Four Pieces for Solo Piano, Op. 1

For: Solo instrument (Piano)
page one of Four Pieces for Solo Piano, Op. 1

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Four Pieces for Solo Piano, Op. 1


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Year of composition
Difficult (Grades 7+)
18 minutes
Modern classical music
License details
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This first opus is made up of four separate piano pieces. These pieces were not conceived as a unity; however, they present some musical elements in common. They all employ a simple tonal/modal harmonic language. They demand some degree of technical virtuosity from the performer, and they present a great deal of textural saturation, particularly in the lower register.

The first piece, Phrygian Rhapsody, consists on an exploration of the harmonic possibilities of the Phrygian mode and the Mixolydian mode. The Phrygian theme is accompanied with dark, saturated sounds. The Mixolydian theme uses both the highest and the lowest registers, and, although it also exhibits some degree of textural saturation, it achieves a much brighter effect.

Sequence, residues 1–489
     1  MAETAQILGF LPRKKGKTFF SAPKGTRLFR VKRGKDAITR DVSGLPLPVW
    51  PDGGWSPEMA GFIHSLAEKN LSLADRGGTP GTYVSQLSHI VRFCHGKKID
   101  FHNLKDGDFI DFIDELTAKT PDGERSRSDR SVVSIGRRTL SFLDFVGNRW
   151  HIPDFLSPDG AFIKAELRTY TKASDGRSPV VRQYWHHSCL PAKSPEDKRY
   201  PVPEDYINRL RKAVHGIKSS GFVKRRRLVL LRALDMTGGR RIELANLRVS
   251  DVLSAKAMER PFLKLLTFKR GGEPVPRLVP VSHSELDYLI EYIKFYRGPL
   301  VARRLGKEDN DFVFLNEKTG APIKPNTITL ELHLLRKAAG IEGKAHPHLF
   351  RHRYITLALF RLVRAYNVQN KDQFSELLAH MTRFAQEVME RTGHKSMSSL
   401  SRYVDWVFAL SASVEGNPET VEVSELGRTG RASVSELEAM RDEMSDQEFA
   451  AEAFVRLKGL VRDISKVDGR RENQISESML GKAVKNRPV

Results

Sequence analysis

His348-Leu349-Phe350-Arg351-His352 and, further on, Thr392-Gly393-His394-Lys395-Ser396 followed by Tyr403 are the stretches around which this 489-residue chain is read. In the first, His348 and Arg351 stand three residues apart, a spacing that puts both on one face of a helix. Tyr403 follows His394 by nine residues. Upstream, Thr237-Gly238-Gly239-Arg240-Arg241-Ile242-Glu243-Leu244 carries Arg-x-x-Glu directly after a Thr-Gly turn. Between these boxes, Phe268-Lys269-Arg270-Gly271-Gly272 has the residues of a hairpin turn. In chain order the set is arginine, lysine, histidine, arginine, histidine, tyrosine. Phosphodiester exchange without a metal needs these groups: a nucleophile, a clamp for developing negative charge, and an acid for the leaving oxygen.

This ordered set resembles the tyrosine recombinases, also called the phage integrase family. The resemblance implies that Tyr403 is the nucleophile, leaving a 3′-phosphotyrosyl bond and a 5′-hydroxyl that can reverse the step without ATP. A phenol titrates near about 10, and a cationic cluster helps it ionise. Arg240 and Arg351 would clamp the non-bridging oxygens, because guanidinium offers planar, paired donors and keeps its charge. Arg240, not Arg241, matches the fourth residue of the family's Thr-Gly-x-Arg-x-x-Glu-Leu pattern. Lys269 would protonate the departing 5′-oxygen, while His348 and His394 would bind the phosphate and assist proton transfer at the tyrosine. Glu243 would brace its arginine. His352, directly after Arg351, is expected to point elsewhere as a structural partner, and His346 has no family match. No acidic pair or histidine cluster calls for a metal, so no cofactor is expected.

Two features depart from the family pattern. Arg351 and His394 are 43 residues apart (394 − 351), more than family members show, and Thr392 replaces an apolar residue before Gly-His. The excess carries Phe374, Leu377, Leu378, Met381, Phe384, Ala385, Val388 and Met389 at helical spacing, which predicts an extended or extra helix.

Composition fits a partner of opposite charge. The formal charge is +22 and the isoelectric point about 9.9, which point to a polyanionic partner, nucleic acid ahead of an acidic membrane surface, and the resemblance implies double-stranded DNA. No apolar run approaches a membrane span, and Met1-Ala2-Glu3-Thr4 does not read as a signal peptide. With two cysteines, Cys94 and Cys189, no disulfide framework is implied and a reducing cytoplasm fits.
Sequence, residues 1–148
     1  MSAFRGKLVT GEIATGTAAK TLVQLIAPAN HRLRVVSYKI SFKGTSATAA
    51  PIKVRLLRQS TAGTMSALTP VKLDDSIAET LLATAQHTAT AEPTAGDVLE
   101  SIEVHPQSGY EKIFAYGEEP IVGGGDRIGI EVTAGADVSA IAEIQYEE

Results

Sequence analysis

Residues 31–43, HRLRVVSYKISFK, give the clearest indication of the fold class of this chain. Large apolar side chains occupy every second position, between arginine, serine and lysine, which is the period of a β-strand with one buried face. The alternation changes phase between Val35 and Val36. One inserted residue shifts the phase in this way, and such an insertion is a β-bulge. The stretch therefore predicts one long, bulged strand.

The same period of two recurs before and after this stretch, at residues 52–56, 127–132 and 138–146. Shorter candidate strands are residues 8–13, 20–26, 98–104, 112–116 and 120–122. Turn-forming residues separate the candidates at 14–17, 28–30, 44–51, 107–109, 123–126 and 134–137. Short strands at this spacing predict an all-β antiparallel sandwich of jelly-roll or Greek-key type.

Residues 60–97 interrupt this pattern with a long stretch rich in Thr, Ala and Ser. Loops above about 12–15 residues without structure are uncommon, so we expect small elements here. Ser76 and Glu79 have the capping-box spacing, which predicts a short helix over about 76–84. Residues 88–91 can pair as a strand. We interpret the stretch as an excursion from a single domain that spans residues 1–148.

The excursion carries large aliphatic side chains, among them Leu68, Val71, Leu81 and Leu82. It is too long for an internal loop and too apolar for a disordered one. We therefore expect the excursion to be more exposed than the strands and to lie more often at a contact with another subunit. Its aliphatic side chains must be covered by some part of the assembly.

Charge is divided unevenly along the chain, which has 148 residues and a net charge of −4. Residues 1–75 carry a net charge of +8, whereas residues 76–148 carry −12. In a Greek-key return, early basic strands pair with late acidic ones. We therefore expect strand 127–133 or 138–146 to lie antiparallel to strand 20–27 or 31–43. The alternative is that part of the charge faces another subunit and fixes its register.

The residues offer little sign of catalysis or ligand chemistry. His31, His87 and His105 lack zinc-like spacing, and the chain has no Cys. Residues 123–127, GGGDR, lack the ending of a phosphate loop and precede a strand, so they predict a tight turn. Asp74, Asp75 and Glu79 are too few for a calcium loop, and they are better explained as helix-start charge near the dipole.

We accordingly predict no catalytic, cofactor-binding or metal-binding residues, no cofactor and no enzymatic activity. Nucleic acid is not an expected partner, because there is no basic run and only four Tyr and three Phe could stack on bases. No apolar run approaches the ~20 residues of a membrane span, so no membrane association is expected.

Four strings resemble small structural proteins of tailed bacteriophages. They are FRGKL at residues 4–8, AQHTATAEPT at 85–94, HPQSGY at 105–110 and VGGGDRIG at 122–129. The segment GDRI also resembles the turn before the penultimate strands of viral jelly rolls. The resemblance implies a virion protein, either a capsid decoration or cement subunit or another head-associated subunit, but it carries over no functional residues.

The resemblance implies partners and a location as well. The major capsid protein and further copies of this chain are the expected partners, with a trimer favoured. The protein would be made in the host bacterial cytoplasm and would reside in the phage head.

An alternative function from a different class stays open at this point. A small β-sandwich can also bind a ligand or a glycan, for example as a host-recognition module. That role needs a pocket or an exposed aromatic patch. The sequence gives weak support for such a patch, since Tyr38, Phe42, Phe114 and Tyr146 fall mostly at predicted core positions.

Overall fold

The second piece, Rain, is built upon a harmonic progression that exploits the parallel fifths instead of avoiding them. The initial musical ideas would undergo further development procedures, resulting in a piece that is somewhat reminiscent of Celtic music.

The third piece, Noel, imitates the romantic style of Chopin’s nocturnes. Some sections are built upon modal centres that set slightly apart from the traditional major and minor modes. The choice of writing a piece with complex tonal and harmonic structures, and with rhythmic irregularities, was part of the original idea of challenging the performer’s score-reading and performance abilities.

The fourth piece, Ionian Fantasy, was conceived as a sonata form. However, the overall development exceeded the traditional restraints of such musical form. Out of the sections that were meant to serve as connections between the main thematic groups, new themes appeared. Therefore, the piece transformed into some sort of fantasy with free thematic structure. The reference to the Ionian mode, instead of the major mode, suggests that this piece also carries out an exploration of modal scalar systems that enrich the traditional major and minor scales.

Copyright © 2014 Daniel Cuéllar-Trujillo. All rights reserved.
This work is registered with Registration ID: 2111135

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